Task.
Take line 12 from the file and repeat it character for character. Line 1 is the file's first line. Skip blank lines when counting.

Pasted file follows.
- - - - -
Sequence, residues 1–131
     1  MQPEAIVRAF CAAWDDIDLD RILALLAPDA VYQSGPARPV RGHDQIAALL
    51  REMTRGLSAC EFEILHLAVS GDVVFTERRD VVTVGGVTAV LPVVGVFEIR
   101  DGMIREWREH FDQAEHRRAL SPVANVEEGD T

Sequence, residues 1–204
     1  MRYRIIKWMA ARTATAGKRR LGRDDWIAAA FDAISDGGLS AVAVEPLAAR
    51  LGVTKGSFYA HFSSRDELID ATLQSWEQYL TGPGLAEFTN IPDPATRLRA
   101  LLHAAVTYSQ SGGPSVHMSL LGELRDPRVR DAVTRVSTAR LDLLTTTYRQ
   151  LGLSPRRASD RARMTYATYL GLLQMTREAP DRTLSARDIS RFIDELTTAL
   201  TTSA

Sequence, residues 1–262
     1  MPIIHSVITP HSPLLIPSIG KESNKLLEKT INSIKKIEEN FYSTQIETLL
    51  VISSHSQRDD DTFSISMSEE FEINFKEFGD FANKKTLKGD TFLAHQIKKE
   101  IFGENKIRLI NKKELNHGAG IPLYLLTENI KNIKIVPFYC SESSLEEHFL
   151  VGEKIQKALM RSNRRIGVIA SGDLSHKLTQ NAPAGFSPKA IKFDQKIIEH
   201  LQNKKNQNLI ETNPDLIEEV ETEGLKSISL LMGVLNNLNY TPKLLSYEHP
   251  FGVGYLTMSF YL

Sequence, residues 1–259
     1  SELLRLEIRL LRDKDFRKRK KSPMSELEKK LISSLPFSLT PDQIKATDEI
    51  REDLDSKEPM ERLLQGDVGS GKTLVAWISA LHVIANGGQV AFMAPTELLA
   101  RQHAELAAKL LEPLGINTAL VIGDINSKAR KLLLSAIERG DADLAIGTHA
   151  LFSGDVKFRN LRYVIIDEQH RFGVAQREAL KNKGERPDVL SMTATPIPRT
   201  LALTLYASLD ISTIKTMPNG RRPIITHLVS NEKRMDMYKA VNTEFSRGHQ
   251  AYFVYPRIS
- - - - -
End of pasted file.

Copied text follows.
     1  MPIIHSVITP HSPLLIPSIG KESNKLLEKT INSIKKIEEN FYSTQIETLL